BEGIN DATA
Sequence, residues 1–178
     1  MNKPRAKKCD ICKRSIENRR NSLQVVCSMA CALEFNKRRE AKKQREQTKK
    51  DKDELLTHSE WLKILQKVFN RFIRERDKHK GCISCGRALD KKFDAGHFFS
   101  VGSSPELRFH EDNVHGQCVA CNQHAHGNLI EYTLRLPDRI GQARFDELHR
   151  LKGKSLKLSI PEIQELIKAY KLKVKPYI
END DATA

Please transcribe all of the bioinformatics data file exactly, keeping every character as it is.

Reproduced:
Sequence, residues 1–178
     1  MNKPRAKKCD ICKRSIENRR NSLQVVCSMA CALEFNKRRE AKKQREQTKK
    51  DKDELLTHSE WLKILQKVFN RFIRERDKHK GCISCGRALD KKFDAGHFFS
   101  VGSSPELRFH EDNVHGQCVA CNQHAHGNLI EYTLRLPDRI GQARFDELHR
   151  LKGKSLKLSI PEIQELIKAY KLKVKPYI